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56 comments

Avatar
Wheelywheelygood | 2 months ago
1 like

Of course bikers are going to object how dare people think they have the right to be kept safe from law breakers on bikes . One way system , well I was only going one way lights well they all mean go ,pavements that's the fast lane isn't it . Take that pedestrian to court he bent my wheel when he hit me at speed on the pavement I have rights you know what's the odd damaged pedestrian or 20

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BigDoodyBoy | 2 months ago
3 likes

I love all the comments here. "If the law was different, we wouldn't be breaking it." And "the police should turn a blind eye because cyclists can't cause as much damage as a car"

Guys, the law is the law. If you get caught breaking it, accept your medicine and maybe start posting articles in support of riding within the law rather than being openly critical of people doing their job by upholding it.

You, road.cc, and your readers don't do yourselves any favours with this sort of article or responses.

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Robert Hardy replied to BigDoodyBoy | 2 months ago
4 likes

The police has had little difficulty publicly refusing to police 20mph zones in the past, and when the vermin redcoats overran my parents village were nowhere to be seen to enforce road traffic laws or the hunting with dogs act.

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chrisonabike replied to BigDoodyBoy | 2 months ago
1 like

Hmm... on one hand I'm sympathetic to the viewpoint "you pays your money and you takes your choice".  Also while I think the danger in this story may be exaggerated (both parties are approaching head on - this should be maximum mutual visibility at least) I also don't think this is a great idea - even where legal.

I tend to stick to the rules.  But the rules are still taking on board the position of vulnerable road users and the rules "as people understand them" (e.g. how a substantial number actually drive) are different again!

"Shooting the messenger" / those actually enforcing the law: as Robert Hardy notes enforcement is ... interestingly selective.

Pavement driving?  Police have officially said "not interested" (it might change a bit here in Scotland - again enforcement-depended).

Close passes (or even contact)?  Police Scotland at least have effectively said "not interested" (see how easy it is to report and the fact that someone accused saying "No, I don't recall that" effectively ends an investigation).

Cyclists killed on the roads?  As we know from reporting here not infrequently the police and / or legal system says "not interested" ("driving to the conditions" is apparently optional / they're throwing themselves under vehicles).

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Cavey65 | 2 months ago
3 likes

Standard selfish ignorant responses. If you want to dictate roads policy join the council. If you want to dictate police priorities run for PCC or get involved in the myriad other ways there are. Those people saying police should have different priorities would be the first ones shouting if they or anyone they care about was injured while breaking the law. It's not the police who need to grow up here.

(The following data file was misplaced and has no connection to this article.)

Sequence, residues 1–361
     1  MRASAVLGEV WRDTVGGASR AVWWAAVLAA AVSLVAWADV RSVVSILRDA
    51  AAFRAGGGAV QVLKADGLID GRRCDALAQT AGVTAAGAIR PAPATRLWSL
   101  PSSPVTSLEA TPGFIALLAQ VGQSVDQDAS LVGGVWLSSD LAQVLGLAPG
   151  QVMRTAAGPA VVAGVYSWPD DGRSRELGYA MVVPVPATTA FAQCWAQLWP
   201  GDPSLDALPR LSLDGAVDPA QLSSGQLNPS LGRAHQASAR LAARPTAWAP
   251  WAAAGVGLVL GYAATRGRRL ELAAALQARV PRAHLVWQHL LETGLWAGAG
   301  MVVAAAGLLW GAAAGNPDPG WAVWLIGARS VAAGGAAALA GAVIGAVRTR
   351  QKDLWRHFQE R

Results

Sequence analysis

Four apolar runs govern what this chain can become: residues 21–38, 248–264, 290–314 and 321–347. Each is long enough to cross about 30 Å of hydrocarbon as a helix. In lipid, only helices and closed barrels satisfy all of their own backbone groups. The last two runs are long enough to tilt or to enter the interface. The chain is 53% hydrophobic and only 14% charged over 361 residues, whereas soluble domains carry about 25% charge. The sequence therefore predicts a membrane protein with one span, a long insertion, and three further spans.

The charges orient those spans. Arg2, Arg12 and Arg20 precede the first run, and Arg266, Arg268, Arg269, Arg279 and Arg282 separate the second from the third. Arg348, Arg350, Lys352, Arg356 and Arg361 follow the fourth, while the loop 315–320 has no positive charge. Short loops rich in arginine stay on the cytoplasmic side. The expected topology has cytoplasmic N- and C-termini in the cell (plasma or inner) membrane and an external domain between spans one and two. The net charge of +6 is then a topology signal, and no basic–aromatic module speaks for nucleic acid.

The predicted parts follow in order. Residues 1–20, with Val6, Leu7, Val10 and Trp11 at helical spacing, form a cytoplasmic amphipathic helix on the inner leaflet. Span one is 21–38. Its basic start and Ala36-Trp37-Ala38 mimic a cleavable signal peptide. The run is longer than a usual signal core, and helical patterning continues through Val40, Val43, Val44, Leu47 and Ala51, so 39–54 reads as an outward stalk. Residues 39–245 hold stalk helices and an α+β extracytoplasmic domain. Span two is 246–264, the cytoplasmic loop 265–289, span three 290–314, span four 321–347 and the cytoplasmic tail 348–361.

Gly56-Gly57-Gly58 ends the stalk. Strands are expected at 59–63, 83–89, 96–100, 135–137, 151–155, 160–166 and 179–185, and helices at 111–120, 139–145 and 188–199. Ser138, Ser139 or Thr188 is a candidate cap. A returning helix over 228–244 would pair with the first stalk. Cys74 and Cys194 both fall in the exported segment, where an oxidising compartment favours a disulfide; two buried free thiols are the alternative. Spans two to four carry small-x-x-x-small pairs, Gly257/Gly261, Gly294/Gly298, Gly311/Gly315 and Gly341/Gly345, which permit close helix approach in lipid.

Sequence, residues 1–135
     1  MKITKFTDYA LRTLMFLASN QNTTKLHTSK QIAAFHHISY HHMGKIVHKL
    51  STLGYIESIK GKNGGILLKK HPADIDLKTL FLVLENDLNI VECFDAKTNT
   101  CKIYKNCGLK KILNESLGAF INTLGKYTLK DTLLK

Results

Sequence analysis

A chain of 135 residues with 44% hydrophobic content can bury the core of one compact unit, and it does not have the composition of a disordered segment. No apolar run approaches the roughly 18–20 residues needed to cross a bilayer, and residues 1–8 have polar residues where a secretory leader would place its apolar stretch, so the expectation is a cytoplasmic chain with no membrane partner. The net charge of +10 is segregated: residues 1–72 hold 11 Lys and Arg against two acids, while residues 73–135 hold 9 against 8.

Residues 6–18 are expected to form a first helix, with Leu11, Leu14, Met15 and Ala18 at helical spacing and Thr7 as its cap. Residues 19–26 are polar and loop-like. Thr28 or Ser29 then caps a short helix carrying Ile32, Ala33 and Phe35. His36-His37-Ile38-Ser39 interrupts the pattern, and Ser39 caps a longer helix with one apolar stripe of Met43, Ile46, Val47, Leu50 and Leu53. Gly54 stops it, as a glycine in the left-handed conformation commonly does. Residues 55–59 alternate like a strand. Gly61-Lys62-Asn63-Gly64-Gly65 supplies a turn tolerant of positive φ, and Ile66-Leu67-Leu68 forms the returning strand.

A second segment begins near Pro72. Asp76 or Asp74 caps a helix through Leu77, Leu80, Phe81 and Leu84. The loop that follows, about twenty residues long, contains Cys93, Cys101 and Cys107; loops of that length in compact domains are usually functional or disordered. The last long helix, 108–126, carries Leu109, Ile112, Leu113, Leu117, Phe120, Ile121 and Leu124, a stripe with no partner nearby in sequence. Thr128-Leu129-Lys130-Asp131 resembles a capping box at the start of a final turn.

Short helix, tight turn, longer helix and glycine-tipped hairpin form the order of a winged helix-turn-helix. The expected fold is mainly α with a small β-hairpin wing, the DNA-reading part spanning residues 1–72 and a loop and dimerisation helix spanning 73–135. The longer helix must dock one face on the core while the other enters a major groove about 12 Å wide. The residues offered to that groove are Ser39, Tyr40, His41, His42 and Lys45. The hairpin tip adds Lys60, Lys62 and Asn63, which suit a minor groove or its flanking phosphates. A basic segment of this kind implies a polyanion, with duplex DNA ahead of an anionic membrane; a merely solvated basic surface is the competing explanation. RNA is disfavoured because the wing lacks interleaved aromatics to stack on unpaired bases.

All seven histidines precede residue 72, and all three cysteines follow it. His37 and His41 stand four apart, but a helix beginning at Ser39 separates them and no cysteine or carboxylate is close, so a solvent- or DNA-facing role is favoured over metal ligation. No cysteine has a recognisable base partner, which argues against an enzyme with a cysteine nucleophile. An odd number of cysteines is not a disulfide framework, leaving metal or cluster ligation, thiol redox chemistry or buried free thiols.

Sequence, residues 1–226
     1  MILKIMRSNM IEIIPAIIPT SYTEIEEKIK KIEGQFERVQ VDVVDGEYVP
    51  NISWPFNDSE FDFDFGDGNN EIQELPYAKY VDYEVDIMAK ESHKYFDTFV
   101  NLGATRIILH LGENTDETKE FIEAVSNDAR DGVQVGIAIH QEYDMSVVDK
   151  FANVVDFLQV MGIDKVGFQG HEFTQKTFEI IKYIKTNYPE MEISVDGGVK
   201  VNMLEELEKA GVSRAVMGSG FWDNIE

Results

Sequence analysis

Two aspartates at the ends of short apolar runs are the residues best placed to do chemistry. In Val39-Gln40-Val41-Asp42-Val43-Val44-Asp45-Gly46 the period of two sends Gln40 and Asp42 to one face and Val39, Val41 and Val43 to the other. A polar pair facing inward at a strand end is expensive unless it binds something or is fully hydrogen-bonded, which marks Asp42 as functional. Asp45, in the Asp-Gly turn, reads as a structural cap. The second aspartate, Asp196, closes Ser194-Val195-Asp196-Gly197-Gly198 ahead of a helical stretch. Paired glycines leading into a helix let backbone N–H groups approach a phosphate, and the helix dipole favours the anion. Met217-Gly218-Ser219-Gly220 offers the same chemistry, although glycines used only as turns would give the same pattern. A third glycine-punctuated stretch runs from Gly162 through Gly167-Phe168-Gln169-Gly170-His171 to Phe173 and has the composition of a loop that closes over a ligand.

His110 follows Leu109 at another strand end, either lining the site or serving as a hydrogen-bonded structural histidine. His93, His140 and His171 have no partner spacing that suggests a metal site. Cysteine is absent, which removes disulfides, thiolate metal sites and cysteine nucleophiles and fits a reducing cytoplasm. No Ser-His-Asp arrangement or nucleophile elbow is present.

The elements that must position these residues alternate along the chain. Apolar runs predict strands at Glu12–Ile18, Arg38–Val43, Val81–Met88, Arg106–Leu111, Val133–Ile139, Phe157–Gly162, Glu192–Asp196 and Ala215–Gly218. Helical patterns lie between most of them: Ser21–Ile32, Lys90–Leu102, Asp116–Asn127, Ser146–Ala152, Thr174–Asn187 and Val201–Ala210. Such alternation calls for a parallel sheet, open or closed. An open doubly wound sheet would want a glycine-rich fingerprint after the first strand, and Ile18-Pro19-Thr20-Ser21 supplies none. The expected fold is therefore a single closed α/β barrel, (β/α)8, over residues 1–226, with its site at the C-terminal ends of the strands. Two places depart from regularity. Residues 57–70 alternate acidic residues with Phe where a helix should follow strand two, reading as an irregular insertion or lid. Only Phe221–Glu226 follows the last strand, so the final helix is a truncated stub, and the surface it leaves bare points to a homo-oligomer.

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Adam Sutton | 2 months ago
2 likes

From the photo there are cones and barriers on the road that are restricting the width, this makes cycling against the traffic doubly dangerous. Any vehicle, even another cyclist won't be expecting anything to be coming towards them, and they will be focussed on avoiding those obstacles.

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Stephankernow | 2 months ago
8 likes

We as cyclists are at times our own worst enemy, If its a one way system its that for all traffic we are not exempt.

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marmotte27 | 3 months ago
6 likes

For having been to Salisbury not long ago, the place is a total shambles traffic-wise.
If ever a city called for a total closure of its centre to motor traffic, it's this one

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neilmck | 3 months ago
7 likes

People assume that it is dangerous to cycle the wrong way down a one-way street. However one-way streets tend to be quiet streets often only existing as traffic calming measures. In France, once an area becomes a 20mph zone all one-way streets magically become two-way for cyclists.

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BIRMINGHAMisaDUMP replied to neilmck | 3 months ago
6 likes

Around where we live in Paris all the one way streets are two way for cycles. 

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cyclisto replied to BIRMINGHAMisaDUMP | 3 months ago
0 likes

That sounds very interesting, and I think it makes perfect sense. Do you have any link to it?

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Rendel Harris replied to cyclisto | 3 months ago
7 likes